SME Instrument: what to expect in 2018-2020?
While the last cut-off dates of the 2017 SME Instrument call for proposals are approaching, it is already time to look ahead and share some details about what applicants should expect by the new calls to be launched under the 2018-2020 Work Programmes.
Schuman Associates analysed a draft version of the new European Innovation Council pilot WP 2018-2020 that, on top of the SME Instrument, also include three other innovation support schemes: Fast Track to Innovation (FTI), FET Open and Inducement Prizes. All these schemes have been adapted to support market-creating innovation more effectively, also taking into account recommendations collected from the Horizon 2020 interim evaluation.
This mid-term review of the programme’s performance confirmed the extreme popularity and success of the SME Instrument: this new funding scheme was the most attractive programme part in terms of proposals submitted during 2014-2016, generating more than 30,000 proposals compared to around 5,000 in FP7 (under Research for the benefit of SMEs). This huge increase in SMEs’ participation comes as a direct consequence of the Commission’s efforts to make Horizon more relevant and easier to access for start-ups and innovators.
Although the main aspects of the SME Instrument will remain the same (phases, co-funding rates, cut-off dates, project duration etc.), several important changes have been proposed by the European Commission and shall become official within a month or so, once the new H2020 WPs will be released. The main novelties can be summarised as follows:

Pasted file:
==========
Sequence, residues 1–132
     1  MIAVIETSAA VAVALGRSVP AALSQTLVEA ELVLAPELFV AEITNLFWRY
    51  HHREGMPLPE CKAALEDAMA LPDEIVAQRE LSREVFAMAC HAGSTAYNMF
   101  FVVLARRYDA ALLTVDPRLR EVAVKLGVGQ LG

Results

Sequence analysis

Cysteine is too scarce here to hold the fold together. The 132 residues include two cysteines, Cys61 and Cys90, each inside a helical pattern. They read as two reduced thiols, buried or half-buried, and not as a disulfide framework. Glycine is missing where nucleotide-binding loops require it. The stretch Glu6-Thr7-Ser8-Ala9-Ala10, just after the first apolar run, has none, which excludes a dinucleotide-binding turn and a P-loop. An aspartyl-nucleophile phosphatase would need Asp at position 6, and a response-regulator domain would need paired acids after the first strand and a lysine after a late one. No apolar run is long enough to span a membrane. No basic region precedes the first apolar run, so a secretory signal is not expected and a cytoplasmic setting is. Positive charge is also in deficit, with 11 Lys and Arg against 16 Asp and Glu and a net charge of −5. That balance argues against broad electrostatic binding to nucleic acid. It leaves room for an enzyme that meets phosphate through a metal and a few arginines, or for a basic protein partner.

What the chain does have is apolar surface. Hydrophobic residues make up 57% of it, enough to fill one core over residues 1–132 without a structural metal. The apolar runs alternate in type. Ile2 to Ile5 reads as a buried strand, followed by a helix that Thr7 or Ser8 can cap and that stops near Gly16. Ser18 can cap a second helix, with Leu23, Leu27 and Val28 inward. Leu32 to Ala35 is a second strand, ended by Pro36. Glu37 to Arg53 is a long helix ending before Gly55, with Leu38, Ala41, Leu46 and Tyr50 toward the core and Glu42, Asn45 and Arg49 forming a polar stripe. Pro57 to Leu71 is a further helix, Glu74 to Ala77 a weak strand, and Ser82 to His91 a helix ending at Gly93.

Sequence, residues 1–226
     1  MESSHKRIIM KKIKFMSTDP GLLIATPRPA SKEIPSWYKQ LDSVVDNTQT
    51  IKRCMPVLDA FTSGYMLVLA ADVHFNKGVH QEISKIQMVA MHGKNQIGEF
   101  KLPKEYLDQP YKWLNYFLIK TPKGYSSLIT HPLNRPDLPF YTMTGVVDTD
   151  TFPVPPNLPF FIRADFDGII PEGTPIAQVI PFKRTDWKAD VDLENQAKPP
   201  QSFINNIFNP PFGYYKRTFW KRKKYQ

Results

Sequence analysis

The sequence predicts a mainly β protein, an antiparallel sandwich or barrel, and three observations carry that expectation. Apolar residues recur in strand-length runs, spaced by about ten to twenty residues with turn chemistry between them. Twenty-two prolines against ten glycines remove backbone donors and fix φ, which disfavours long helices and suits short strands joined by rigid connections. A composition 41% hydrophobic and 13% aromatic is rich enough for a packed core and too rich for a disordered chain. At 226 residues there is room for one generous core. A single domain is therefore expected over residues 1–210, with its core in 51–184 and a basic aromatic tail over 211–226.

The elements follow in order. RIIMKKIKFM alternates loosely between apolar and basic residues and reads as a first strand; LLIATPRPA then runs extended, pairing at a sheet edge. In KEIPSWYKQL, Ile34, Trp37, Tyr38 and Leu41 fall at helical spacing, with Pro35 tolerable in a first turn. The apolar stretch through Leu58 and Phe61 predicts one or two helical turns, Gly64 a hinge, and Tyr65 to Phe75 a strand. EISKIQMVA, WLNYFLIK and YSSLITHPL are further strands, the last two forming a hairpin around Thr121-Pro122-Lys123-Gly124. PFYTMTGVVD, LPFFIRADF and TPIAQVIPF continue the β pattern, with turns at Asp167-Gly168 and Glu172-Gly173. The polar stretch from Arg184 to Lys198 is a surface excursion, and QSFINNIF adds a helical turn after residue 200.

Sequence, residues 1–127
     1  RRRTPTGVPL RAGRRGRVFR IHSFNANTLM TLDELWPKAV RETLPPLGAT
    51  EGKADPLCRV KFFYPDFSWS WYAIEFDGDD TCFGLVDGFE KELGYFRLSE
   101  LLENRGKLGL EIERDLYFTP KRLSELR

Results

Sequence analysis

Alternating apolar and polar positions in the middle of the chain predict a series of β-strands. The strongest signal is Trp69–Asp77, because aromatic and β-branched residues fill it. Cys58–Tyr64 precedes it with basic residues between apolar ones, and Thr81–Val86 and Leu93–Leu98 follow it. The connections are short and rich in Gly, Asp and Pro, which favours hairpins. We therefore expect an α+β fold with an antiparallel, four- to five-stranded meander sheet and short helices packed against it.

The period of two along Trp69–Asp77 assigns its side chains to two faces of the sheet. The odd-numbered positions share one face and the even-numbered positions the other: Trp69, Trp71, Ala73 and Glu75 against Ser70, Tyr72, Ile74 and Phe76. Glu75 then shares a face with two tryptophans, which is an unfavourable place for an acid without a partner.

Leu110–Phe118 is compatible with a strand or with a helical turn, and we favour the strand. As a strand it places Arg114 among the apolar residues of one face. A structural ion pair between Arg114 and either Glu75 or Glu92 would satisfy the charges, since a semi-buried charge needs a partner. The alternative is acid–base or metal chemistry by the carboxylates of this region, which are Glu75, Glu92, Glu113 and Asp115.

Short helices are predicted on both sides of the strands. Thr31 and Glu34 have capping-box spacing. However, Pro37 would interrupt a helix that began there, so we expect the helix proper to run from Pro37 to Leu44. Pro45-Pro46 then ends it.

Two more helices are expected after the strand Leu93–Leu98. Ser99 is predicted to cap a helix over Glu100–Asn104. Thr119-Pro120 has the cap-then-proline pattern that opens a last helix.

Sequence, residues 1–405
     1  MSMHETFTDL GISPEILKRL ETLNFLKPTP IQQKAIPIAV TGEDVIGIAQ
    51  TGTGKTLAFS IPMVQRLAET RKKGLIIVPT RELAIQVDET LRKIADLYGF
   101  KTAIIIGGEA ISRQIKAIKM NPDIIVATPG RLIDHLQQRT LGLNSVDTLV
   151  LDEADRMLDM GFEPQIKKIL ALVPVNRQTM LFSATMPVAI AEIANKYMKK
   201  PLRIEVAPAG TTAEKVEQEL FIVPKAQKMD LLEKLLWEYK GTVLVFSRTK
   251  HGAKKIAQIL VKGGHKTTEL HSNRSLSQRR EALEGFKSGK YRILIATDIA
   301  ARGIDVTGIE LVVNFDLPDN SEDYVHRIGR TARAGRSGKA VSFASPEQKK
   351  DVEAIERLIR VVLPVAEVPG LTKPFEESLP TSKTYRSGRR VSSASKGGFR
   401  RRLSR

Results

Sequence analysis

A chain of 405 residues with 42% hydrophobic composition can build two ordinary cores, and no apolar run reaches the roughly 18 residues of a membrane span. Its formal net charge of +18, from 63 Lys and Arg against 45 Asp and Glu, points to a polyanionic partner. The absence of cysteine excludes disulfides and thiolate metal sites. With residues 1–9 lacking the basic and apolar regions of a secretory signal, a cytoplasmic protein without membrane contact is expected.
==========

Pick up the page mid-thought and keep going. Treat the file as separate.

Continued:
- As of 2018, the scheme will be fully bottom-up: the Commission has decided to remove the 13 pre-defined topics of the SME Instrument, probably in an attempt to offer a chance to compete for funding also to those innovative companies that do not necessarily fall within these fields. The removal of pre-determined topics for the calls could be interpreted in more ways: on one hand, it will probably bring a higher number of applications submitted at every cut-off date, thus making the scheme even more competitive than it already is; on the other, it could also create a level playing field for applications so far submitted in greatly oversubscribed topics such as the Open-Disruptive-Innovation scheme, transport or energy.
- Greater emphasis on the project’s impact: when it comes to the evaluation process, while up to now SME Instrument proposals were evaluated on the basis of three equally important criteria (excellence, impact, implementation), in 2018-2020 these award criteria will weight differently, with the impact section counting for 50% of the total score. Quantifying each project’s impacts and properly describe measures to maximise it will play an even more crucial role for the overall success of project proposals.
- Two-step evaluation for Phase-2 proposals: as of next year, the evaluation of Phase-2 proposals will gain an extra step. In Step-1, a ranking of proposals will be established on the basis of the standard Evaluation Summary Report (ESR). Then, as Step-2, applicants passing a specific threshold will be invited to a face-to-face interview in Brussels. This threshold will be dynamic and will depend each time on the volume and quality of proposals received. The interview will be used to clarify aspects of the proposal evaluated in Step-1 and will be conducted by evaluators with a mixture of technology, industry sector, business and finance expertise. Only designated staff of the project applicants will be invited to sit for these interviews.
It’s now a matter of a few weeks for the different H2020 Programme Committees to agree on the content and structure of the new WPs 2018-2020 and launch the first calls for proposals by mid/end of October.